UNL freshman Philip Stark is no stranger to academic achievement — he got straight A’s through high school, aced the SAT and earned the title of Nebraska Top Scholar.
Lots of things about college are new to Stark, though, considering UNL is the first brick-and-mortar school he’s attended.
Stark, a pre-health student, graduated from the University of Nebraska High School — an online, independent-study high school that is offered through University of Nebraska Online Worldwide. He is one of the first known graduates of the independent study high school, according to UNHS officials, to receive the top Regents Scholarship to UNL.
As a Regents Scholar, he receives full tuition reimbursement, as well as an additional $1,500 yearly stipend.
“Philip is one of the brightest, most thinking and open-minded students I have encountered in 36 years of teaching and counseling,” said Debby Bartz, an academic adviser for UNHS. “I feel fortunate to have visited with and assisted Philip with college admission preparations that allowed me to see his full extent of talents and thoughtful consideration of his own learning experiences.”
School has always been important to Stark, who was home-schooled by his mother, Kristin, until taking online high school classes to earn a diploma. Classes were flexible, he said, so he could work at his own pace. But in terms of academics, he said he was well prepared for college courses.
UNHS, which was established in 1929, offers a rigorous, college-prep curriculum. Through its online format, courses are available around the clock.
“Throughout their course work with UNHS, students learn how to become responsible for their own education and take initiative with their studies, both of which are significant attributes for success in college,” Bartz said.
Stark developed study skills and an independent work ethic — skills he was able to bring to UNL. Now he is on campus in a freshman class of more than 4,000 students. But so far, the transition has gone well, he said.
“On the first day, I was definitely nervous, but at least I had already visited campus a few times, so not everything was totally foreign to me,” Stark said.
Stark said his first day of college was easy; most of it consisted of going over his syllabi, but he did have to rush a bit with his 24-pound backpack to make it to each class on time.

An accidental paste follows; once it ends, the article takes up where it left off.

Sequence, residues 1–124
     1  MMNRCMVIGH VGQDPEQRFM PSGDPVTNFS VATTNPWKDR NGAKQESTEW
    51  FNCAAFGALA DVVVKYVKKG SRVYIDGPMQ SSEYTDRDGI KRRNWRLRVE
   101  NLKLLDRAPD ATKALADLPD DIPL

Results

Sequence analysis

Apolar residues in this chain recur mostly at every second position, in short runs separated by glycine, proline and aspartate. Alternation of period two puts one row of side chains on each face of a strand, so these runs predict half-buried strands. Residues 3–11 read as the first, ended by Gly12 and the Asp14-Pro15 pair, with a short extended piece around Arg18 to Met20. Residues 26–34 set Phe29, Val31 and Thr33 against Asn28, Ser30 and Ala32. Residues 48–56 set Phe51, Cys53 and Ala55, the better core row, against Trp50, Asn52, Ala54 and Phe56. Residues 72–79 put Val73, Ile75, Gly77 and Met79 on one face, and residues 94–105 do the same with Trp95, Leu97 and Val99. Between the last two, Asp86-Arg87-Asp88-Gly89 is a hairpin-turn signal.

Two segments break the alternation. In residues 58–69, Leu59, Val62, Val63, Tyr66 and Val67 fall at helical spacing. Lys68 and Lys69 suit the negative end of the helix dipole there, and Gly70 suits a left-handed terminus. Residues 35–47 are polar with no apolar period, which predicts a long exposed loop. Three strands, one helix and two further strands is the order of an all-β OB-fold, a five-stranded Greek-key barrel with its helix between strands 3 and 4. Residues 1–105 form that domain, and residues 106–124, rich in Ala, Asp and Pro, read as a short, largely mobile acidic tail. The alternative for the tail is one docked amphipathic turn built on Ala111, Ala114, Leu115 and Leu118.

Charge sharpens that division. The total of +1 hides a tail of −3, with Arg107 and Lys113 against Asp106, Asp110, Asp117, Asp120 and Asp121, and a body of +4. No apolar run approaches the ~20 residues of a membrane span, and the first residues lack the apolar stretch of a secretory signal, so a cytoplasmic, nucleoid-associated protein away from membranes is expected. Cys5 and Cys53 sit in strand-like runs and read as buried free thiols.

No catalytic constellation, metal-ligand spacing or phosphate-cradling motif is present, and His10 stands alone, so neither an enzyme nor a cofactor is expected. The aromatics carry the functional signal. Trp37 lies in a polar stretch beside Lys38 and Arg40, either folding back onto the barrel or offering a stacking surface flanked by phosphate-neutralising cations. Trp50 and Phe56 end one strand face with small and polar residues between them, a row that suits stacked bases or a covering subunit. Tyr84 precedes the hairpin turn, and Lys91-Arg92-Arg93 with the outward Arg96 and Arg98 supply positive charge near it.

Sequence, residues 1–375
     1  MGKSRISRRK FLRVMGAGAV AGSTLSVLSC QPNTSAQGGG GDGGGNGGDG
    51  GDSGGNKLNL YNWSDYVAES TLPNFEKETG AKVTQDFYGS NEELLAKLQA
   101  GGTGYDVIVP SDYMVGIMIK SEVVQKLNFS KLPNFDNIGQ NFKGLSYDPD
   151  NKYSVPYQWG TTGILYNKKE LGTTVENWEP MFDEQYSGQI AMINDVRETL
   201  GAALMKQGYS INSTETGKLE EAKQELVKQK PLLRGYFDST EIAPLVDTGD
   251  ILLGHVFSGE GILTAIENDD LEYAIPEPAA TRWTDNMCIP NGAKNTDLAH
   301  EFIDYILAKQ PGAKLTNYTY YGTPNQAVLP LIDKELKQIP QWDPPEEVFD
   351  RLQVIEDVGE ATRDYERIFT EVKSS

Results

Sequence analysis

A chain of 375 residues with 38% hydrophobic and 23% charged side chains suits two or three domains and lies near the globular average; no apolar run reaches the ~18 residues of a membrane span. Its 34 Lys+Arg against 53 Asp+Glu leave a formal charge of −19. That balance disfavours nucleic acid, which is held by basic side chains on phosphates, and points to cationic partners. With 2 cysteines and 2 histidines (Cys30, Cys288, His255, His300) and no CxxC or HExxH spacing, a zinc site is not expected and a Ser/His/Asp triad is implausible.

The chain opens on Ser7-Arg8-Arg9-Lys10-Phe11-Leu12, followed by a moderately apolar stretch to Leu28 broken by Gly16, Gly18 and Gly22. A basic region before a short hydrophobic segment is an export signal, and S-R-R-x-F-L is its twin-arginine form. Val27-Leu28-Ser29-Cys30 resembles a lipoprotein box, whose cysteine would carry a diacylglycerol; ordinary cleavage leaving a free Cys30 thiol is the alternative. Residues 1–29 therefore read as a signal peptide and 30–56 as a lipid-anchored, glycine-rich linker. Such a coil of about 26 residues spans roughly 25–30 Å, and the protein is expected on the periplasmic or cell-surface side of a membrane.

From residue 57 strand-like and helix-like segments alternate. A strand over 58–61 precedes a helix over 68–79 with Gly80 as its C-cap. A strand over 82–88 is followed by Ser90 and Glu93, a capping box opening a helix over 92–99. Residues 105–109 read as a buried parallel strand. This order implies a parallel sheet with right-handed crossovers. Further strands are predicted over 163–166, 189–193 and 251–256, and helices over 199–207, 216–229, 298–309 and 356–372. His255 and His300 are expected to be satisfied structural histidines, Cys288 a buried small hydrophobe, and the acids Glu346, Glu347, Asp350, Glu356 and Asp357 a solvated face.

“I wasn’t sure if I needed to bring all of my textbooks, so to be on the safe side I of course lugged basically everything I had,” he said. “That made for a sore back at the end of the day.”
The Lincoln resident has decided to live off-campus in his family’s home this year.
“(Living on campus) would have made the transition a lot more difficult, since I am very close with my family,” he said. “Being able to see them at the end of the day always makes me happy.”
Besides academics, Stark is also adjusting to having very little free time. His home-school environment allowed him to participate in many extracurricular activities such as golf, tennis, basketball and soccer.
He has also journeyed around the world with his family and has been to 13 countries including France, Spain and Croatia.
“I used to be able to go on vacation for a week and just work ahead, but now I can’t do that,” he said.
With a schedule filled with chemistry, calculus and German, Stark spends a lot of his time studying but still tries to find time for his hobbies.
Other than playing sports, he has also found unique ways to express his creativity, including cooking. Because his family loves to cook, Stark was introduced to it as a young age and he now enjoys coming up with his own recipes.
He also likes to build large structures with Legos and helps with an online message board for the company, he said.
“It’s just a fun, creative thing I do,” Stark said.
It’s all about school for now, but Stark said he hopes to find time for his hobbies during holiday breaks and looks forward to the possibility of participating in intramurals later in the school year.